- Giulio Napolitano The Transformations of Comparative Administrative Law Abstract
Notwithstanding the recent success of cognate disciplines, such as European Administrative Law and Global Administrative Law, the room for Comparative Administrative Law remains ample. A deep-reaching methodo- logical renewal, however, is currently taking place and should be further advanced. A mere description of the differences between domestic jurisdic- tions is no longer sufficient, and the perspective based on legal families is often misleading. A transnational or «beyond the borders» approach is also requi- red, to attain a deeper understanding of the reasons why administrative law systems increasingly converge (to the point of even legitimizing the idea of a cosmopolitan administrative law). At the same time, however, administrative law systems still partially differ, both in design and in their implementation. The walls erected by legal nationalism have fallen. However, the context matters, especially in public law. As a consequence, specific interdisciplinary investments are needed. Finally, the toolbox of the comparative administra- tive lawyer must be honed, in order to take into account the growing role played by statutes and codes, the different ways in which bureaucracies work and perform, following their internal protocol and complying with legal constraints, and the «hard cases» (in political, economic, and social terms), that courts increasingly address using transnational and comparative law arguments.
- Silvia De Nitto About Proportionality as a Legal Criterion Abstract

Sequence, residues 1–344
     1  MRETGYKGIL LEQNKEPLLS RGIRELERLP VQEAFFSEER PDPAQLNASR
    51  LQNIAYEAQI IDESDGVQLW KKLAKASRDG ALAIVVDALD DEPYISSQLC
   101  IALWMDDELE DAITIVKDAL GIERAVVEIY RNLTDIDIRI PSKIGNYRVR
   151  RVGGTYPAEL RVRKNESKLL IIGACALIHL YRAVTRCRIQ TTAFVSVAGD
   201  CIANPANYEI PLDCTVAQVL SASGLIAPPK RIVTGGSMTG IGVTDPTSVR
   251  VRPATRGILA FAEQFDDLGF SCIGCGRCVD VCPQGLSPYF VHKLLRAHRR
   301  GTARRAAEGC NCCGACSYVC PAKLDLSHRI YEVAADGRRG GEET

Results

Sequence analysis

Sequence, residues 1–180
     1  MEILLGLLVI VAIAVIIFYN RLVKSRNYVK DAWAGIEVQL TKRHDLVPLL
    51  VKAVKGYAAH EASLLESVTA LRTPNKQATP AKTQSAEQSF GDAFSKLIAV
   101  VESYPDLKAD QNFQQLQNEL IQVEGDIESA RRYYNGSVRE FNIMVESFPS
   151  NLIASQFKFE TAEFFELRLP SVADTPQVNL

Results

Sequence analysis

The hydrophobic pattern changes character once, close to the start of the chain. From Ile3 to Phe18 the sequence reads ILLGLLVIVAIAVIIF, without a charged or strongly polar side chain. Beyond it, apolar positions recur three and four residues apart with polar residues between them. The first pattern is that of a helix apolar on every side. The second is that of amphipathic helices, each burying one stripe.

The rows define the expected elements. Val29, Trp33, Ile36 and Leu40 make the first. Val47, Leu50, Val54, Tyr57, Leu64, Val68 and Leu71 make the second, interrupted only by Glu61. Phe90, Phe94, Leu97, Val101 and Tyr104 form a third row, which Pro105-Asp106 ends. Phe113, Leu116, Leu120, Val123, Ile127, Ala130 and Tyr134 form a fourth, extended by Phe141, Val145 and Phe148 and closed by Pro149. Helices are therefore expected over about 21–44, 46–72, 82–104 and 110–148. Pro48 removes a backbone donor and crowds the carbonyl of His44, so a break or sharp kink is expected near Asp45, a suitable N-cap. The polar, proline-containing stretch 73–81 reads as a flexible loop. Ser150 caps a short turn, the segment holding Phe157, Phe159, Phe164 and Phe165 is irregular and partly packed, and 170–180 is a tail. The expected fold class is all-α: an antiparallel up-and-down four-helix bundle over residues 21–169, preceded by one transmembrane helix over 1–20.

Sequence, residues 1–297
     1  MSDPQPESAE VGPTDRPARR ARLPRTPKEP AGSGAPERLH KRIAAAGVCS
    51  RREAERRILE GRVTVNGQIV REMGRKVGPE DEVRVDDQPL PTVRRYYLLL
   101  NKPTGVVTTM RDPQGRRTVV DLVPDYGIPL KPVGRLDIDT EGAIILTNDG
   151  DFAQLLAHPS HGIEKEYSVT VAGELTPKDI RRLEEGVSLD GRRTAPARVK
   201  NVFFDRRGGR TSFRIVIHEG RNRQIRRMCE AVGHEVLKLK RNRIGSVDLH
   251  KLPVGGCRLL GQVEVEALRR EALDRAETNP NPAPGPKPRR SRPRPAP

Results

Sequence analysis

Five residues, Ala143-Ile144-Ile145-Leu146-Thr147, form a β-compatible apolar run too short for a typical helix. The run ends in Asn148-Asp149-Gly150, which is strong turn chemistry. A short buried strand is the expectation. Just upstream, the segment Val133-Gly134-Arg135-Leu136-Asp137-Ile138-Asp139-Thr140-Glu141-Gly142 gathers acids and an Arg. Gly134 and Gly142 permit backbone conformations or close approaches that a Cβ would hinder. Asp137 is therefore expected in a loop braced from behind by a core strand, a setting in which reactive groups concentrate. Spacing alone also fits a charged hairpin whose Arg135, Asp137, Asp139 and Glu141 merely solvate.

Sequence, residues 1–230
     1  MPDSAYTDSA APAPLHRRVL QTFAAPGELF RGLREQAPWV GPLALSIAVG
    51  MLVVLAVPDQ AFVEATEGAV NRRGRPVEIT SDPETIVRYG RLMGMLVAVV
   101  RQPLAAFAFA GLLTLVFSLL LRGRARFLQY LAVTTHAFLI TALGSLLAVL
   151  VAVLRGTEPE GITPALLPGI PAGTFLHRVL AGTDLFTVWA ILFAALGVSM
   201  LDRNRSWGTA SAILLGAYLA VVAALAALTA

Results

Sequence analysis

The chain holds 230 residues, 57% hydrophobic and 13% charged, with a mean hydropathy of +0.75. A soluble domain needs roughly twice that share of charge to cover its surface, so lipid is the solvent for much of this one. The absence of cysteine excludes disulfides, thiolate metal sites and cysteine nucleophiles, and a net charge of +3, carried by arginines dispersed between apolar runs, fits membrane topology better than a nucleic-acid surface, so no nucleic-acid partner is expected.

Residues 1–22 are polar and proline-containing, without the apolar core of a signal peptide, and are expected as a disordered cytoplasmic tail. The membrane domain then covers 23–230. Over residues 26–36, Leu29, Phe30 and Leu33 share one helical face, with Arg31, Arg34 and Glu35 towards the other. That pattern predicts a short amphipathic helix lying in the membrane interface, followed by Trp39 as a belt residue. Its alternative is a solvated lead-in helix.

The complexity of the positions of the subjects of administrative measures adopted and, more generally, of the plurality of individuals who may feel impaired by such measures in various ways, makes it necessary to define criteria for the combination of the many rights, interests and values involved in an administrative procedure. The principle of proportionality, based on quantitative but also qualitative assessment parameters, represents a criterion for establishing the difficult relationship between primary and secondary public interests, not as contained solely within the attributive rule of a certain administrative power but as may be inferred from the totality of principles and values of the legal system. From a procedural point of view, given the heterogeneous nature of the proportionality control assigned to Italian judges and to the Court of Justice of the European Union, it is necessary to find common traits: the fact that the judge is guided from a logical and argumentative point of view by all three criteria of control (suitability, necessity and proportionality stricto sensu) facilitates the performance of an effective assessment of the balancing of interests. Without overrunning into the context of the administrative merit, and by observing how the administrative authorities reached the proportionality of the measure, the judge essentially uses those physiologically open links between proportionality, fairness and justice, all of which relate to the exercise of administrative power.
- Valerio Bontempi Constitutional tort and State Liability: Towards an Objective System? Abstract
In the absence of specific provisions in this regard, Italian civil and administrative law courts continue to deny the legislator s liability for the enactment of unconstitutional laws. This approach, however, besides being widely criticized by many legal scholars, is no longer justifiable in the light of the CJEU s case law on the liability of Member States for breaches of EU law. In fact, equitable treatment imposes an extension of the requirements for the legislator s liability to breaches of constitutional rules too. It is hoped that in the near future, the liability of the legislator will be recognized and build upon objective elements. More generally, the recogni- tion of such liability would be consistent with the process of objectification of liability that today regards all public powers. This process is indeed confirmed by the Italian case law and rules that, under the pressure of the European Union, have shaped the liability of public administrations and judges upon the basis of objective and non-culpable elements.